Government Shutdown Clock Ticks Down While Dems Press For 'Clean' Spending Measure

Democratic Senate leaders hold a news conference on the continuing resolution with a countdown clock rolling at 4 days and change for government shutdown, Sept. 26, 2013, in Washington. (Douglas Graham/Getty Images)

Flanked by a giant clock counting down to Oct. 1, when the federal government may shut down, Senate Democratic leaders issued a stern warning today to the Republican-controlled House of Representatives: Don't play games with the spending bill.

The lawmakers said they would only accept a "clean" spending measure, known as a continuing resolution.

"We want a clean CR. We're going to have a clean CR. That's what we're going to vote for. We're not going to play any of their games," Senate Majority Leader Harry Reid said during a news conference.

"Why doesn't [House Speaker John Boehner] step up to the plate and do the right thing and allow a clean CR to go through?" said Sen. Chuck Schumer, D-N.Y.

If Senate Minority Leader Mitch McConnell and Sen. John Cornyn, R-Texas, "can stand up to the hard right with primary challenges nipping at their heels, Speaker Boehner, who's safe in his seat, ought to be able to do the same thing," Schumer added.

The Senate's current timeframe has the upper chamber voting on final passage of the continuing resolution by Saturday, just three days before the looming shutdown, but Reid wants to accelerate that vote to today and has called on Republican leadership to come to an agreement on timing.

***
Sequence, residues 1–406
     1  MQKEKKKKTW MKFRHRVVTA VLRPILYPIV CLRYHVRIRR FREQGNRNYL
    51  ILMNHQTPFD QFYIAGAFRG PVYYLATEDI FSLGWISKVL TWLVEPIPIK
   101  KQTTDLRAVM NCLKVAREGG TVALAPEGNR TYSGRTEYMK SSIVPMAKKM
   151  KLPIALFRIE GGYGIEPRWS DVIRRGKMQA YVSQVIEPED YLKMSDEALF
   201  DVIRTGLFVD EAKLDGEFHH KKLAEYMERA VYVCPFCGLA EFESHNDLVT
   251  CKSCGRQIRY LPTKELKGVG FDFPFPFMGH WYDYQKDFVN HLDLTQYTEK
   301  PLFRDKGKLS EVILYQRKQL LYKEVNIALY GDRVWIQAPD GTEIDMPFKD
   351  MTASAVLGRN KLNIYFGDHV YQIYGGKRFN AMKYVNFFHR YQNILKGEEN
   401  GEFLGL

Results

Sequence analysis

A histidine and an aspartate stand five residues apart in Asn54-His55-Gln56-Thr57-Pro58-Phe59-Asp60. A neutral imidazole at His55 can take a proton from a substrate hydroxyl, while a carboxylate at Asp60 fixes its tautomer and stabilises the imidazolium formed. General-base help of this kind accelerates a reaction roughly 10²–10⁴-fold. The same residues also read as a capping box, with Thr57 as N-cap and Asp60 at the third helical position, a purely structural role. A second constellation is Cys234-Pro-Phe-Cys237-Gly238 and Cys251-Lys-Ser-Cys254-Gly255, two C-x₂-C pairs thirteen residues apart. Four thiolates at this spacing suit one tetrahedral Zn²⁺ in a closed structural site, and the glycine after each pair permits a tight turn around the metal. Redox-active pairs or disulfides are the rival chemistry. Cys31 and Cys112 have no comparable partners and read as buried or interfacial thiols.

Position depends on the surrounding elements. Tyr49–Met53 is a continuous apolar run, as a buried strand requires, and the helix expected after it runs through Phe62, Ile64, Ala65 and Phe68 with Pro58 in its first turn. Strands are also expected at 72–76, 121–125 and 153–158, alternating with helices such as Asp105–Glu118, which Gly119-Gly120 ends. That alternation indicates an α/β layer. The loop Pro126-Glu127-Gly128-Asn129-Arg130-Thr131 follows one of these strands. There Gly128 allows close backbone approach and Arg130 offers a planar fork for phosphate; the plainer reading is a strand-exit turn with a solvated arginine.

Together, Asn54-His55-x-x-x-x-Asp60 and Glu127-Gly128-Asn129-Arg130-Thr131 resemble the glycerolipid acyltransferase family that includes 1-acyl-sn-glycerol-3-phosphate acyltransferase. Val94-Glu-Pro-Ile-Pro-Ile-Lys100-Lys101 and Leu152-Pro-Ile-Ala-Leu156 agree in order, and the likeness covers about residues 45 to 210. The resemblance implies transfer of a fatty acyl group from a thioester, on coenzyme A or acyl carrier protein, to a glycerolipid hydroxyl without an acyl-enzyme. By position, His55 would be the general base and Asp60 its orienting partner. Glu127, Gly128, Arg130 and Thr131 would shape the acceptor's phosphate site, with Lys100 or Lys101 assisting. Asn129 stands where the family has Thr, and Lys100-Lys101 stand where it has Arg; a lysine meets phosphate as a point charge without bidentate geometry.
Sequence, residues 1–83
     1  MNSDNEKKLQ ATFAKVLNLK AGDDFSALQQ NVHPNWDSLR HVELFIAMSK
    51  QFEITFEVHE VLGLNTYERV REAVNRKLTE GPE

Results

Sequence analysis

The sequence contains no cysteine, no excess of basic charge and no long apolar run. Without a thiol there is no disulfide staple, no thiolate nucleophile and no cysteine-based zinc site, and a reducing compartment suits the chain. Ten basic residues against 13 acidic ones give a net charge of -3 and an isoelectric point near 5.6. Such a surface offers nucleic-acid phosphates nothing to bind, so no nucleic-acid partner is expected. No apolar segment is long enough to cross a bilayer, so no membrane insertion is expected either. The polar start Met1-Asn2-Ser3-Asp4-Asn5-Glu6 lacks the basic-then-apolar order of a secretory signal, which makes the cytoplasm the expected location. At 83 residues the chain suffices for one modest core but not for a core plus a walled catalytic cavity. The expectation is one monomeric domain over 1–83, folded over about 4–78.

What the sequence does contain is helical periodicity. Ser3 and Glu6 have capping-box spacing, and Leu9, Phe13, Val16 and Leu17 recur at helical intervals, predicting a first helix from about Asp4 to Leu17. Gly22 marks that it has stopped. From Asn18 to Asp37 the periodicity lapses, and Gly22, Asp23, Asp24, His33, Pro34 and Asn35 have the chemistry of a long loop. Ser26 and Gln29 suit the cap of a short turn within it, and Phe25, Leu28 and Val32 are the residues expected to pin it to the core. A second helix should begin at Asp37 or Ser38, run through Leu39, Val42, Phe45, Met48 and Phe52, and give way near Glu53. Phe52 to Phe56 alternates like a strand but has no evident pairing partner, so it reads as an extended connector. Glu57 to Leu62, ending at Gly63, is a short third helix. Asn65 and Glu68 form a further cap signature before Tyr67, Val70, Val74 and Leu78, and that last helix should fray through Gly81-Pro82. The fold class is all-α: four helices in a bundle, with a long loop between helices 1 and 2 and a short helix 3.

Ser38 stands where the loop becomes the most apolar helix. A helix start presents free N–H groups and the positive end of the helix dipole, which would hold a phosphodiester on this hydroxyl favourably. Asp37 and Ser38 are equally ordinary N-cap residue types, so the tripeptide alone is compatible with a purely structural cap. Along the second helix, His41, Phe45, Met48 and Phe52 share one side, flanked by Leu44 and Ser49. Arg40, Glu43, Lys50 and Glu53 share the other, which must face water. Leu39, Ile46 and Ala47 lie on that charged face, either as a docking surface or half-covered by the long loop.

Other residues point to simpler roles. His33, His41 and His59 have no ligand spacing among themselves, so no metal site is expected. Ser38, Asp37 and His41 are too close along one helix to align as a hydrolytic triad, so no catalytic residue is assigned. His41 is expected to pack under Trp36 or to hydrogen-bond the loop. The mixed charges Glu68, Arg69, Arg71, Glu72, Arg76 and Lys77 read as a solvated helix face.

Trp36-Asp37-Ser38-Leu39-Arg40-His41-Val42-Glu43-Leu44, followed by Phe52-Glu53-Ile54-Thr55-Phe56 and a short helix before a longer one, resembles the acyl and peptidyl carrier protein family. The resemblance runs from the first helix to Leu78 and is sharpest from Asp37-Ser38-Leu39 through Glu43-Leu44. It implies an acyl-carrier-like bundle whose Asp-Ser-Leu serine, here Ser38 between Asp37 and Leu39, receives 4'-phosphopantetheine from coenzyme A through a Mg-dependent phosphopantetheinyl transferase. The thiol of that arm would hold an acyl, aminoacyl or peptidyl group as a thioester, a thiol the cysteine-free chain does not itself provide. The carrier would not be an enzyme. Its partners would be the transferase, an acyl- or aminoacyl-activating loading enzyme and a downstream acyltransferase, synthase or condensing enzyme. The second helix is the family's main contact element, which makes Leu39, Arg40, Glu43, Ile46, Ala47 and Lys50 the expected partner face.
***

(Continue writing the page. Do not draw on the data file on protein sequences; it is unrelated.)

"Every hour that ticks by puts our country closer to a shutdown. There's still time for cooler heads to prevail, but not a lot of time," Reid said.

But as the Senate tries to hasten the timeline for voting on a continuing resolution, Reid said it remained unclear whether House Republicans even have a plan.

"They don't know that they're going to do. The Tea Party's put them in this hole, and the Tea Party keeps them digging deeper and deeper," Reid said.

Reid also said that House Republicans should not include in their continuing resolution a repeal of the medical device tax - a move he called "stupid." A Reid spokesman later said Reid supports the medical device tax and thinks attaching its "repeal to the CR or the debt ceiling is 'stupid.'"

By week's end, the Senate is set to remove the language that defunds Obamacare and Democrats warned House Republicans against trying to put it back in.

"You can huff, you can puff for 21 hours, but you cannot blow the Affordable Care Act away," said Sen. Barbara Mikulski, D-Md., chairwoman of the Senate Appropriations Committee, referencing Sen. Ted Cruz's, R-Texas, 21 hour marathon speech, this week.